For 26 years, Celiac Disease Foundation and our national network of activists have worked diligently for federal recognition of celiac disease as one of the world’s most prevalent, and least diagnosed, genetic autoimmune diseases. We continue to educate our elected officials on the need for funding of celiac disease research, education programs, and gluten-free labeling standards, and to demonstrate the impact of celiac disease on individuals and their families. Together, we must work to make our voices heard to elevate celiac disease on the nation’s healthcare agenda. CDF is committed to working with the United States Congress, federal government agencies, and state legislatures and agencies to improve the lives of the more than three million Americans affected by celiac disease.
- Affordable Care Act – Repeal and Replace: The 115th Congress and the incoming administration have made it a priority to “repeal and replace” the Patient Protection and Affordable Care Act (ACA). The legislative process will be protracted, include input from multiple stakeholders, and cover far reaching parts of the healthcare system. While the ACA is not perfect, it was a step in the right direction for individuals and families impacted by chronic and costly medical conditions. As Congress considers “repealing and replacing” the ACA, any new effort must ultimately lead to another step forward. As the leading patient advocacy organization for celiac disease, we are making our voice heard in the overall effort to advocate for patient protections during the ACA “repeal and replace” debate. It is extremely important for legislators to hear from affected individuals, like you, as quantity of outreach and quality of outreach will both be important as the debate moves forward.
- Celiac Disease Foundation Patient Advocacy Program: The goal of the Celiac Disease Foundation Patient Advocacy Program is to develop a nationwide network of trained patient advocates who can help design, implement, and disseminate results of patient-centered outcomes research that are important to adults and children with celiac disease and caregivers. For too long, scientists have been conducting, evaluating, and disseminating research without the benefit of your expertise. Your unique perspective gives you a nuanced understanding of celiac disease. Researchers are looking to partner with trained patients. The national organization, Patient-Centered Outcomes Research Institute (PCORI), involves trained patients in evaluating their funding applications and as PCORI Ambassadors, and the National Institutes of Health (NIH) has opportunities for patient advocates to evaluate grant proposals. Celiac Disease Foundation also offers opportunities to serve on CDF’s Research Committee and on the steering committees of CDF-funded research projects.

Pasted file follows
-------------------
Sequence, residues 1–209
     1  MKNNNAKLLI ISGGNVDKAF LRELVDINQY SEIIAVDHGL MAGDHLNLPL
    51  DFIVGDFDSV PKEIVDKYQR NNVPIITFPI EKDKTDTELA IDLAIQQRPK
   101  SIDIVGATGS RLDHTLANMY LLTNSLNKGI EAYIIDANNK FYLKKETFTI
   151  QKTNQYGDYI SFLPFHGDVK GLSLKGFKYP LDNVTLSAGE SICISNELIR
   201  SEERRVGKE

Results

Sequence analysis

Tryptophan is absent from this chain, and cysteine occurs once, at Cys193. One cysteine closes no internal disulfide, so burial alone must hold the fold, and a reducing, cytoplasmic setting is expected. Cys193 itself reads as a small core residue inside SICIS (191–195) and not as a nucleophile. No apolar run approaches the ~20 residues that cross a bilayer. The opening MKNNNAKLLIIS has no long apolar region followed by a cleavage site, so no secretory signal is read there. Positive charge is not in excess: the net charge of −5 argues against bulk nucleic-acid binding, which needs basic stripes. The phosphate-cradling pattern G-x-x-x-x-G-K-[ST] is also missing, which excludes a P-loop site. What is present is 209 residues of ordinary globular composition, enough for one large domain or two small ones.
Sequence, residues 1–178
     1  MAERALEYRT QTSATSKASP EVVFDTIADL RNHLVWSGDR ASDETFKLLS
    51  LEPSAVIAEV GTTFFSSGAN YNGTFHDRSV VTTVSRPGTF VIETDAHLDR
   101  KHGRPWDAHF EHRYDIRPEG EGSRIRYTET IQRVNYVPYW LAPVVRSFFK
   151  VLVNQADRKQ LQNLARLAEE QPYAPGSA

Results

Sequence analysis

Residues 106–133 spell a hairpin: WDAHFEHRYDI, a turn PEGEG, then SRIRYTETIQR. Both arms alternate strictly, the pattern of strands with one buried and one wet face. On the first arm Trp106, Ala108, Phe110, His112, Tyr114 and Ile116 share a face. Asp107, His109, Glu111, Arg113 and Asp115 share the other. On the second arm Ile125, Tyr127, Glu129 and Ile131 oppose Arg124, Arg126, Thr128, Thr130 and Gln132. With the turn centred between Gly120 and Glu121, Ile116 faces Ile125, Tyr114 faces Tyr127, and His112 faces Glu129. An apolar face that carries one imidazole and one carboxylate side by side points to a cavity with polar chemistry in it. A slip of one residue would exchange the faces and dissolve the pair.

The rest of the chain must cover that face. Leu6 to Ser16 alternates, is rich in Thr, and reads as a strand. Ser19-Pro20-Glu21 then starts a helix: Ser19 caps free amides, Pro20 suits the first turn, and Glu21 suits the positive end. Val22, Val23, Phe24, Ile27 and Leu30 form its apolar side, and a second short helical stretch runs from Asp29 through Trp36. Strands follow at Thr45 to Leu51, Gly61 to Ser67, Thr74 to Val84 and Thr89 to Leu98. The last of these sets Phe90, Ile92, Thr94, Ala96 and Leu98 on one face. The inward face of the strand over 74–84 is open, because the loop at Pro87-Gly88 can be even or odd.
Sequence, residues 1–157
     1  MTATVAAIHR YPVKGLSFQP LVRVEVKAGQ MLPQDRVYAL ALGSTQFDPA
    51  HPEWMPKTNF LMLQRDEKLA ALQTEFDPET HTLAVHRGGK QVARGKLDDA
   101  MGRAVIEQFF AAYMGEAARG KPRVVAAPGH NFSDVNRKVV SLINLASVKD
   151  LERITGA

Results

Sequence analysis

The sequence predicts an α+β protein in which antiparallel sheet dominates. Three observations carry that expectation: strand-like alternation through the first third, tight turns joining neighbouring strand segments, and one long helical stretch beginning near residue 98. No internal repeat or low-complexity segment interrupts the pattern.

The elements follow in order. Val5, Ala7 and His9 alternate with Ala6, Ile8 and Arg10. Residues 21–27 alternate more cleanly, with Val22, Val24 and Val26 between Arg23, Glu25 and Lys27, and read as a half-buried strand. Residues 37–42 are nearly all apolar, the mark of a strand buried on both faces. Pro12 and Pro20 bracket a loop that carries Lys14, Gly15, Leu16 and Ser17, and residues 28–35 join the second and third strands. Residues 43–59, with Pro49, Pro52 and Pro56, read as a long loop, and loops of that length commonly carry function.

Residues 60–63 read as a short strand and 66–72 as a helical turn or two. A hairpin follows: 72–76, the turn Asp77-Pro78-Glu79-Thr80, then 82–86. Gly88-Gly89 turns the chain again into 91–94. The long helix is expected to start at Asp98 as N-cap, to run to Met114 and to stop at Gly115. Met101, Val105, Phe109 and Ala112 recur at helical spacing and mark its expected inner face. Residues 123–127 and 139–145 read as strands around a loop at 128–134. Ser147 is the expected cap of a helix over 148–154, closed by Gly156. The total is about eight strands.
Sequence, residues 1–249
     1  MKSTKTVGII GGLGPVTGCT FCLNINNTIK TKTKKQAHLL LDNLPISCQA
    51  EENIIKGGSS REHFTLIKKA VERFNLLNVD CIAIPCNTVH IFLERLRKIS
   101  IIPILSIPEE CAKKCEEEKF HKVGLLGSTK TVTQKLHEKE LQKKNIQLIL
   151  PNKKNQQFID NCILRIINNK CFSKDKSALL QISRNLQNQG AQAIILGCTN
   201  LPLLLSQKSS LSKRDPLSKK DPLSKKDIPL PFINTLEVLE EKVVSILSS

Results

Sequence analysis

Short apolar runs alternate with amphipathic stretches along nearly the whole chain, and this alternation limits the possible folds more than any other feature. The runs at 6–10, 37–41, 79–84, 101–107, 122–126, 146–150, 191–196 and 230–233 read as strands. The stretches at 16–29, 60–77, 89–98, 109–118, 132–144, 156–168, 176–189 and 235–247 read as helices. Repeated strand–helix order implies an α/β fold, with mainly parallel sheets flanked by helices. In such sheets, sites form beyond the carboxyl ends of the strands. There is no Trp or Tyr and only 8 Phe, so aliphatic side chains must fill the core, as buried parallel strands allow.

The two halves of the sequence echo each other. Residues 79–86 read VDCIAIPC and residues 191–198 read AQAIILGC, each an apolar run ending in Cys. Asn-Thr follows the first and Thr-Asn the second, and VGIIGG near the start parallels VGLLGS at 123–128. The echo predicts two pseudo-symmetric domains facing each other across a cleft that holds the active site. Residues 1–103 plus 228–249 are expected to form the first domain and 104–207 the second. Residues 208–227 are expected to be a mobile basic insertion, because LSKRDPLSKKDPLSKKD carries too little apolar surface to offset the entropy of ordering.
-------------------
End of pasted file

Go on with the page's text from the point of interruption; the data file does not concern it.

- Continued and expanded application of the FDA Gluten-Free Labeling Rule: In August 2014, the Food and Drug Administration required that all foods labeled gluten-free must contain less than 20 parts per million of gluten. This ruling, 10 years in the making, was a great victory to the gluten-free community, allowing consumers to buy gluten-free products with confidence. One of the first disease advocacy organizations to advocate for gluten-free labeling standards, Celiac Disease Foundation continues to work with the FDA to ensure this rule is upheld, and to clarify its application to food service establishments, as well as medications and supplements. Data collection through the iCureCeliac patient registry supplements this effort.
- Recognition by the National Institutes of Health for federal research grants: Research is limited by the amount of funding provided. Federal research grants will give celiac disease researchers the funding they need to make great strides in advancing treatment, driving diagnosis, managing symptoms, and finding a cure for celiac disease. Due to a lack of federal dollars, all CDF research efforts are currently funded by supporters like you.